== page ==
The R.I.P thread


I actually thought that was a little too on the nose. Scorsese apparently wasn’t actually too fond of Soprano’s. Though as a fellow fan of Scorsese and Goodfellas I’m pretty hyped to see De Niro and Pesci reunited in his up and coming film, The Irishman.


Meh. He said he couldn’t connect with it and watched one or two episodes. He then made a series (Boardwalk Empire) with one of the main Sopranos writers which wasn’t as good.


Boardwalk was shit and Soprano’s was overrated tbh.

The Soprano’s had a lot going for it but still felt like it was trying too hard to emulate Scorceses’ work without ever really living up to it. Still miles better than The Wire though.


Don’t think Sopranos tried to emulate Scorcese at all. In fact it’s a totally different genre. Sopranos is a family drama/cultural satire disguised as a gangster series. It’s much closer to Mad Men in its concerns (made by the same showrunner, of course) than Scorcese’s mob flicks. And The Wire was great, c’mon.


The whole series really hinged on the interactions between Dr Melfi and Tony, the show’s interest in psychology and family dynamics elevates it above Scorsese’s work in a respect. If you want straight up mafia/crime shut then Scorsese is peerless, Sopranos isn’t better in that respect, and The Sopranos clearly takes cues from his work. But Sopranos concerns itself with so much more than just that.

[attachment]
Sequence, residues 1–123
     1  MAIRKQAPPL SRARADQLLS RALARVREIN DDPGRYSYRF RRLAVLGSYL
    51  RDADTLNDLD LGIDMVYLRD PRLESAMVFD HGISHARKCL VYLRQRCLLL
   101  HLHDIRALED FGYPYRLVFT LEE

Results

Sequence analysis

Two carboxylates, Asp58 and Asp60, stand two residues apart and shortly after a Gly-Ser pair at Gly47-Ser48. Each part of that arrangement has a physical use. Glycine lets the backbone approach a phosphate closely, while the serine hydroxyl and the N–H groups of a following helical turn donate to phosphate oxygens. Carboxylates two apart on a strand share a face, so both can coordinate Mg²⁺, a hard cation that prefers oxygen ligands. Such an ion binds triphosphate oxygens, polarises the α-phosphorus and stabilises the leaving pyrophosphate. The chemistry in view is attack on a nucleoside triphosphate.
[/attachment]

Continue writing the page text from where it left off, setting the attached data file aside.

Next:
Fair play if you found that scene too on the nose though @Castiel, likewise for your overall impression of the show. I really disagree but I’m not rubbishing your opinion


Sounds to me like a lot of Scorcese’s nuance was lost on you guys. There are many parallels between the two styles, some purposeful and obvious, others not so much.

The similarities far transcend that of just the cast, most obvious the family dynamic you speak of is something that is without a doubt present in Goodfellas, the dinner scene at Tommy’s mums house is literally Soprano’s in a nutshell. Of course the interactions between the Dr and Tony add a the modern element of psychology to the equation which in itself is interesting, but more-so than not I found that those scenes fell a little flat.

For me Scorcese is the master, the finest director in cinema and an absolute genius. His work is far deeper than mafia/crime shit and I find that the layers within his work are often overlooked, or ignored by viewers and even fans.

Not only do I believe that The Soprano’s took a great deal of inspiration from Scorcese’s work - hell they even have a lookalike of him in one of the episodes- but I feel the reason the show was so popular was because Scorcese’s modern adaption of the Italian American mob created such a large audience for the genre in the early 90s.


Gonna sacrifice my dignity here and admit I haven’t watched Sopranos.